Coming Up: EG Vines

EG Vines by Nate Brown
Photo by Nate Brown.

Debut albums as a singer/songwriter can be daunting. Though they might drop an introductory EP, artists want to be able to come out of the gate with a complete sonic vision that also creates a lasting first impression.

After fronting bands in his hometown of Jonesboro, Arkansas, and during his college days at the University of Alabama, EG Vines moved to Nashville at the end of the last decade to pursue his original music dreams. After a handful of records with The Bandoliers, Vines is reintroducing himself as a solo artist steeped in the influence of the region’s Americana legacy with flashes of alternative and indie rock.

With lyrics not afraid to address the darker sides of issues like racial tension and gun violence, Vines bring his songs to the Nick this Friday, October 11th. We spoke with Vines about the new record (titled Family Business), the changing of the Nashville landscape and working with producer Jordan Lehning.

Magic City Bands: Are you originally from Nashville?

EG Vines: No, I grew up in Arkansas, and I then I went to school at [University of] Alabama through 2008. I then moved up here and did the cover band thing for about a year post-college during that terrible recession we had and playing those fraternity and sorority gigs that pay way more money than I make right now.

MCB: Did you start writing songs in college or beforehand?

EV: I guess I started writing when I was about 15 or so. My friend had a band and they did mostly Metallica covers, and we were all into heavy music. I had asked if I could play guitar and then their singer flaked out on them about two days before a show, so I offered to learn all the songs and come play. I had a bunch of note cards and music stand and I went and did the show.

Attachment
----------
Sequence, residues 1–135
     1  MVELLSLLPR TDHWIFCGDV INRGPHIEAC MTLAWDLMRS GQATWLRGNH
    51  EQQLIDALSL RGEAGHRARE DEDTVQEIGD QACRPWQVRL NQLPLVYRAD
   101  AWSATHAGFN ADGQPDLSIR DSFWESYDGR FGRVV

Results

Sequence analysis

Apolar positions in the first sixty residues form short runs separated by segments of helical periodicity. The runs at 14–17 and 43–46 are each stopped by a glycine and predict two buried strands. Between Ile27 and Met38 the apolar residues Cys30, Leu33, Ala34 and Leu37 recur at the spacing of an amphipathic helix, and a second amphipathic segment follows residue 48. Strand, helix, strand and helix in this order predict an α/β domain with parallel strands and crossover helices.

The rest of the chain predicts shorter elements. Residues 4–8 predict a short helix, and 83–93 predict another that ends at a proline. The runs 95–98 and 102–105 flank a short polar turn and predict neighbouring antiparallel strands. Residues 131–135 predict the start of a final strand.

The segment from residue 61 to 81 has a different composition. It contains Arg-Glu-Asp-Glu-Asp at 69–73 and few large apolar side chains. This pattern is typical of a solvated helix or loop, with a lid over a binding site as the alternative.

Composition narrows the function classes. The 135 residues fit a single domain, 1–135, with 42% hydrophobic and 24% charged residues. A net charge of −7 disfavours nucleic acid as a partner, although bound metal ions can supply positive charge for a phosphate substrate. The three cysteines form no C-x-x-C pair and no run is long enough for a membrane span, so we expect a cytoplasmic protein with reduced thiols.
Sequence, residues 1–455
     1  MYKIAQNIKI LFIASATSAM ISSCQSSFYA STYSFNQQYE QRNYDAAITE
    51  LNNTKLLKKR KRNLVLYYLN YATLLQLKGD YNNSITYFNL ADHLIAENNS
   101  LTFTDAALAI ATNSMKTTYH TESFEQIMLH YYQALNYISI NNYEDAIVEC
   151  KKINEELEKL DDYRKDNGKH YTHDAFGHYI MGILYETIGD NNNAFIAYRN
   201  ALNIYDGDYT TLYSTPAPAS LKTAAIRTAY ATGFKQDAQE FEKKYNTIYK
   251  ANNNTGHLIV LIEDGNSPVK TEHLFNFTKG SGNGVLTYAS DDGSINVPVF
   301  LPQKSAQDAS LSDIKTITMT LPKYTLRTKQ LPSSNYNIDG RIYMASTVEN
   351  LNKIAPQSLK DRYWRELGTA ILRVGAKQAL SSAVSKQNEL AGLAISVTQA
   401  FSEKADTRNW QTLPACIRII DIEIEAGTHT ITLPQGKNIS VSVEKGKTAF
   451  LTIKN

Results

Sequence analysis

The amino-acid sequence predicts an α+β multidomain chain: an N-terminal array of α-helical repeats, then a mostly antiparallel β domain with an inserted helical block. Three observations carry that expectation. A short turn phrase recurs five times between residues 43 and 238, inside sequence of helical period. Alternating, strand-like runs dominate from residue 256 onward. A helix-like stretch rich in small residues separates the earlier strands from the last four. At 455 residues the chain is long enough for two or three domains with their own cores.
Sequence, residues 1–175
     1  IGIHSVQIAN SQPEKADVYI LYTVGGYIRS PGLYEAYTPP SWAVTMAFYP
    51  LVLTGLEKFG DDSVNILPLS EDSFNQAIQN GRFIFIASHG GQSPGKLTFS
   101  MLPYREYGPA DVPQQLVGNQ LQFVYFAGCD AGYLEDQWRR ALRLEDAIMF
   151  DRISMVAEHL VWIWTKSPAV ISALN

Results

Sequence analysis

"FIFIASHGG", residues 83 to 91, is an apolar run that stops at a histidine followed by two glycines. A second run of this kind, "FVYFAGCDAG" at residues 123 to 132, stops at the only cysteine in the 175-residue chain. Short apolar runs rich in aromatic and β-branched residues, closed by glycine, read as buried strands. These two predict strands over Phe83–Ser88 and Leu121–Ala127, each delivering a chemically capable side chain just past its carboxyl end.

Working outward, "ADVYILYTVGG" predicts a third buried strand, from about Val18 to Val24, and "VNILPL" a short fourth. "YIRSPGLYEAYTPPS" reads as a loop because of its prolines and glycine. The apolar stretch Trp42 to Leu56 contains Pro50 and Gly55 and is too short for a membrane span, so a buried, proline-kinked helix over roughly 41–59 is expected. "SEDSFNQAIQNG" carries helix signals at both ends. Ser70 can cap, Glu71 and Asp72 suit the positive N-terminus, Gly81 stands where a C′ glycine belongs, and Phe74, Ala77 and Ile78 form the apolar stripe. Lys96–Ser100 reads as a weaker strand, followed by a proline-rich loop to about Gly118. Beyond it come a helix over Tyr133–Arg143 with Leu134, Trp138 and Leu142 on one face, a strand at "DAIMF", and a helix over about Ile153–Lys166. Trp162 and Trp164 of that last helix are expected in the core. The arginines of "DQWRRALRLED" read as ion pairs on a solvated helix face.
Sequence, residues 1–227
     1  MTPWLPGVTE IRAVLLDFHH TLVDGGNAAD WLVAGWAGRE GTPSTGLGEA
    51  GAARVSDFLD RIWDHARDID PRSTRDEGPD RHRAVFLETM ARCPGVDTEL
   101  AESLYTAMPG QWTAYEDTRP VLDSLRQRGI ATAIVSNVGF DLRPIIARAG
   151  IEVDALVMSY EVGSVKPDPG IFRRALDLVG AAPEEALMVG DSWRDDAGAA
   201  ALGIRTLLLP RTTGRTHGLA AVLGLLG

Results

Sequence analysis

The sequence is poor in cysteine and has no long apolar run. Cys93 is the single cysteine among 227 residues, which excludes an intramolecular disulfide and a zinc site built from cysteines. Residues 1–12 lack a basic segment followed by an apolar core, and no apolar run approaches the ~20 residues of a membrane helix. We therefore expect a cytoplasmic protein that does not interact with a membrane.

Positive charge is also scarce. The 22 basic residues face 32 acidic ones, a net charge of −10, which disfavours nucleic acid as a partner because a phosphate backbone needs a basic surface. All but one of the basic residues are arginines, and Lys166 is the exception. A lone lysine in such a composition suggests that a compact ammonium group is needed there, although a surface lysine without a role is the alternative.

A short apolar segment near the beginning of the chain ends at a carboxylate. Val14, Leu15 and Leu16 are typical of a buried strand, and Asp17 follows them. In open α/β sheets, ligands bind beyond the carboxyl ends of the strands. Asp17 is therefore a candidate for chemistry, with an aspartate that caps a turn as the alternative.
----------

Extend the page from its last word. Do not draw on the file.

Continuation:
We just started getting together, and I found that I wanted to play music to write. So I was about 15 or 16 when I decided to do original music in high school.

MCB: You said you moved to Nashville in the late 2000s. Obviously, the city has experienced a lot of changes. What have you seen change from your perspective?

EV: It’s been changing a lot since 2013 or 2014. There’s just been a boom with people moving here. Nashville is one of those towns where unfortunately they knock a lot of stuff down. A lot of areas are almost unrecognizable. You can have 15 cranes downtown at any time building condos. It’s changed a lot, but East Nashville where I live is probably still pretty similar to how it was in 2013 or 2014.

MCB: You’ve put out several singles this year. Will those all be on the album?

EV: Yes. I guess we’ve done four singles out of the nine songs that will be on the album.

MCB: How did the writing and recording process go for this album?

EV: We did a five-song EP that came out in 2018. As soon as we finished that EP, that was probably my starting point for writing this record. I probably wrote the first song that made it onto this record in the beginning of 2018. Then we started recording in January of this year. We did a week in January, a couple of days in March. It was a year and a couple of months’ worth of writing. I had written 75 or so songs. Each one that made the record had something special that needed to be put on the record. Some of the songs had been played live and had been really favorably received. It was hard to whittle it down, but for five or six of the songs, I knew they just had to be on the record.